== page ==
Money Market Instruments in India - Meaning, Types & Uses

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According to the Reserve Bank of India, Money Market is a market in which short-term financial assets can be traded. These assets can be used as a substitute for money, and they facilitate the exchange of funds in both the primary and second markets. The term "short-term" usually refers only to loans that last for less than a year. The money market is an instrument that facilitates borrowing and lending of short-term funds. Money Market Instruments can be used to help one trade in the money market. This article will discuss Money Market Instruments as well as the different aspects.


Money Market

Money Market is only one part of a larger financial market. It also includes smaller sub-markets like the acceptance market, bill market and call money market. Two characteristics of instruments traded on the Market include:

• The Short Maturity Period
• High liquidity

Deals in Money Market cannot be made or paid in cash/money. Instead of liquid finances, instruments such as Treasury Bills and Promissory notes, Government Papers, etc., can be used.
Transactions in Money Market must be done through formal documentation, oral and written communication. Brokers are not allowed to conduct it. The money market is dependent on institutions such as commercial banks, acceptance houses and non-banking financial companies (NBFCs).


Objectives of the Money Market

These are just a few of the many essential goals that the Money Market maintains in the overall economy.
• Money Markets are not only useful for storing short-term surplus funds, but they also help to reduce short-term deficits.
• It allows short-term fund users the ability to meet their needs at a fair price.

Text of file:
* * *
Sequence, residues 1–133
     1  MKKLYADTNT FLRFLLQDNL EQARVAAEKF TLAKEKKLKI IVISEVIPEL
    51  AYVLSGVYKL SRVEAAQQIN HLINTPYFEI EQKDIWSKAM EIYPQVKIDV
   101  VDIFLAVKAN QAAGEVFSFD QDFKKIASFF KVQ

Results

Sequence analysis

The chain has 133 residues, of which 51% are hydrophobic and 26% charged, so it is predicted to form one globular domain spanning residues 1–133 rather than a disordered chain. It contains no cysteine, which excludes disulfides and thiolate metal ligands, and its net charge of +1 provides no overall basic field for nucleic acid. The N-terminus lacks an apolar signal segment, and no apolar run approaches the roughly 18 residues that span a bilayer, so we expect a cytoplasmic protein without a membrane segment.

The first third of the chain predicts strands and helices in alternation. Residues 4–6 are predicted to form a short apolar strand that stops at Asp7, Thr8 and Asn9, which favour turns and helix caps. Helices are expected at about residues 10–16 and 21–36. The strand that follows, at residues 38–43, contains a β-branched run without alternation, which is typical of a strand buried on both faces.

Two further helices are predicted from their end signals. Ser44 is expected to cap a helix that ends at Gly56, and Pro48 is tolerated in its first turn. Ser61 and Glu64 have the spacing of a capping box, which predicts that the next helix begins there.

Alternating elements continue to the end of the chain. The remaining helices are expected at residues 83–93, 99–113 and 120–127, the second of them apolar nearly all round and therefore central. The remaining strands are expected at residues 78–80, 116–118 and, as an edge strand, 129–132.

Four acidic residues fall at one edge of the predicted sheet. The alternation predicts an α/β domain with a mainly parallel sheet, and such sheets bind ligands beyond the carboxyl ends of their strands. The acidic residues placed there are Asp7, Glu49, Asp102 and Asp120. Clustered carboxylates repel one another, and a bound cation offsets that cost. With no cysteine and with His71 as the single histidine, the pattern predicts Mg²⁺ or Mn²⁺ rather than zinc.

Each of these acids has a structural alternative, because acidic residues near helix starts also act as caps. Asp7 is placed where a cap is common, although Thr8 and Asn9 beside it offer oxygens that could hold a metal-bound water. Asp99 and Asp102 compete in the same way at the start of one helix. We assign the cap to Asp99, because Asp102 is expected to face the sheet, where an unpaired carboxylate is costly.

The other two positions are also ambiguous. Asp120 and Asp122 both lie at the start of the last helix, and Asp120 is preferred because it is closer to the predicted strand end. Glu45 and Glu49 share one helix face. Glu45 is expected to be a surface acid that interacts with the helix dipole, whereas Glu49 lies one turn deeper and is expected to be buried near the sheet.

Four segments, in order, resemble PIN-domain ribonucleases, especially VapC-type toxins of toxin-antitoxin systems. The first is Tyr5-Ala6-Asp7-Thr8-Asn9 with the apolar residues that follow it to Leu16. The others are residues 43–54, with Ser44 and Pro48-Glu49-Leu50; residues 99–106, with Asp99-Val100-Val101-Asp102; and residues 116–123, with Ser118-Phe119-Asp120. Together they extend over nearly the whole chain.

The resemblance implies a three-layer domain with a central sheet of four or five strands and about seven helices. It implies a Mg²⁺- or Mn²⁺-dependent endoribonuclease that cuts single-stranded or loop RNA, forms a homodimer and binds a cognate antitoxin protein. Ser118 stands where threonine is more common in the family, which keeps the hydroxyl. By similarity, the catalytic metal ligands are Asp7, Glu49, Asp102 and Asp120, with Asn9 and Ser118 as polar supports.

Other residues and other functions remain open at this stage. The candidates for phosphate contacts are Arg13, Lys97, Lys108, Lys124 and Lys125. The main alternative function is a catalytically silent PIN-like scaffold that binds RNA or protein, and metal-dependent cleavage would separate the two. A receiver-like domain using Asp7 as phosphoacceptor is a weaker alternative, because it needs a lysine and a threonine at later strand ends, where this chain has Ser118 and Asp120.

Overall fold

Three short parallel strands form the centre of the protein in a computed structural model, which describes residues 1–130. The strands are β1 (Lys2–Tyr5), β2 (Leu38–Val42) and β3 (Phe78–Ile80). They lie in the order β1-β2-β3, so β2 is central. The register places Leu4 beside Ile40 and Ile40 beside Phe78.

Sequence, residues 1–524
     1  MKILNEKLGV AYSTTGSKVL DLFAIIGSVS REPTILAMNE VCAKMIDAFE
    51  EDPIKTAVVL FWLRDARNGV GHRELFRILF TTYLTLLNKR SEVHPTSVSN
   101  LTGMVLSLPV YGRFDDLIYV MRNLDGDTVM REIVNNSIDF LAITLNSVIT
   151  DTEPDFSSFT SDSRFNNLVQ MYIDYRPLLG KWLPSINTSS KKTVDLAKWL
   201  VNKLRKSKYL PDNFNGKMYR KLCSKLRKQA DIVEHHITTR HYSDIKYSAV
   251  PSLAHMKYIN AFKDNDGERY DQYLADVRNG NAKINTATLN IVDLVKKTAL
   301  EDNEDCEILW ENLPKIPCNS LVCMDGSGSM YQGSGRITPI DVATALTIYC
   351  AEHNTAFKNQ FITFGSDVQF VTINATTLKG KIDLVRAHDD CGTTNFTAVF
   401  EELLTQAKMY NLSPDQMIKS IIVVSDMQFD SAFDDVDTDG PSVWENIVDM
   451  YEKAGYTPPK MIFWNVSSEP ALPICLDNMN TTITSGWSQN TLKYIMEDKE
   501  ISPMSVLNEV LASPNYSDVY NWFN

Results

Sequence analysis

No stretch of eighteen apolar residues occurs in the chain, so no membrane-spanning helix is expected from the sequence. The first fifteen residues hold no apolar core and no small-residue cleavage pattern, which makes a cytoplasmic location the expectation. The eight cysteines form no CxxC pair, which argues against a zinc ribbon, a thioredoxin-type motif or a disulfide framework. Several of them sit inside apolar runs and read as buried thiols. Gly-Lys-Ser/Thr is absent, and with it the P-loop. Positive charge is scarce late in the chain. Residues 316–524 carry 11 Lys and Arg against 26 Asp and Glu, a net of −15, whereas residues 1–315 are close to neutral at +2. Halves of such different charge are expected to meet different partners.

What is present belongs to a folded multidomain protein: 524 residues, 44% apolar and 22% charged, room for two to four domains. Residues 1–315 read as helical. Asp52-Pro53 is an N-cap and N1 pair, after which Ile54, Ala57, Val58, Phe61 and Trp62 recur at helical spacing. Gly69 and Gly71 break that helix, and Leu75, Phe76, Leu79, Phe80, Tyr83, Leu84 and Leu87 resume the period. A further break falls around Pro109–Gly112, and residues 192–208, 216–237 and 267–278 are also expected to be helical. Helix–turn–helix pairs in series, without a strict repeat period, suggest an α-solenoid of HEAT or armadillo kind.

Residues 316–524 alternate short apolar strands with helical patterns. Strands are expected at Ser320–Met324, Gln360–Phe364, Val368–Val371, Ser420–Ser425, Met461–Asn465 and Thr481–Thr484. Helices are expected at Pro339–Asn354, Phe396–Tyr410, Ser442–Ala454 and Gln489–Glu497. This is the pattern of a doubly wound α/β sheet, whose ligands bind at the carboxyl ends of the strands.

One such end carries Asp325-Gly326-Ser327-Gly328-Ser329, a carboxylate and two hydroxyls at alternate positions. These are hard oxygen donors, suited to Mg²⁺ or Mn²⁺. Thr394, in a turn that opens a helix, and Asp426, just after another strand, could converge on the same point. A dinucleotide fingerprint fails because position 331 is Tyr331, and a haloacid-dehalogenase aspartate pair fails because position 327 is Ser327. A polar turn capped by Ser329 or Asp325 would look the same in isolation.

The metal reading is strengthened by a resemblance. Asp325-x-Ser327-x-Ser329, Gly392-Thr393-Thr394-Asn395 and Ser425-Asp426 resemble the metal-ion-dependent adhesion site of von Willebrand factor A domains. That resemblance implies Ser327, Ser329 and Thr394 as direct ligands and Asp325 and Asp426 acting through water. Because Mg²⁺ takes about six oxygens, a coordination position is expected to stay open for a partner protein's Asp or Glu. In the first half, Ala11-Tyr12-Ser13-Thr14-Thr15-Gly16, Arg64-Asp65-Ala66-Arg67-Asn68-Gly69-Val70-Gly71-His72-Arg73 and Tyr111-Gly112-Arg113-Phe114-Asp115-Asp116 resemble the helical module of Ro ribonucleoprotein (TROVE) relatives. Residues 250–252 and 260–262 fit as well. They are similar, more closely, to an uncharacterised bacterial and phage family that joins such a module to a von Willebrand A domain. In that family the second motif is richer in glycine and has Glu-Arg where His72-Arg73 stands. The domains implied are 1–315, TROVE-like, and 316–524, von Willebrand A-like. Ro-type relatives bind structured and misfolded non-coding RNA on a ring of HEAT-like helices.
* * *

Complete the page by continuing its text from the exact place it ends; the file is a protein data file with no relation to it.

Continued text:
• It assists the Reserve Bank of India (RBI), the central bank of India, in regulating the liquidity of financial assets.
• The Market is a tool for developing trade and industry, as well as other markets like the Capital Market.
• It facilitates the smooth operation of commercial banks.
• The Money Market is a key component of designing effective monetary policies.


Money Market Instruments

The Money Market Instruments play a vital role in the operation of the Money Market. These instruments can be used to help one trade in the money market. These instruments serve two purposes: they allow borrowers to meet short-term needs and provide liquidity for lenders. Repurchase Agreements (Treasury Bills), Banker's Acceptances, Commercial Papers, Certificate of Deposits, and Banker's Acceptance are some of the most popular money market instruments.


MMI Characteristics

Money Market Instruments are available to finance short-term cash needs for businesses, governments and other financial institutions. These are the most prominent features of Money Market Instruments.
Safety: Money market instruments are safer than shares or mutual funds. This is their main advantage. Money market instruments can also provide decent rates of return over the life of the investments.
Liquidity: High liquidity: Money Market Instruments are highly liquid. Investors can reap the rewards of the market's liquidity in a very short time. They can choose the right instruments to suit their needs.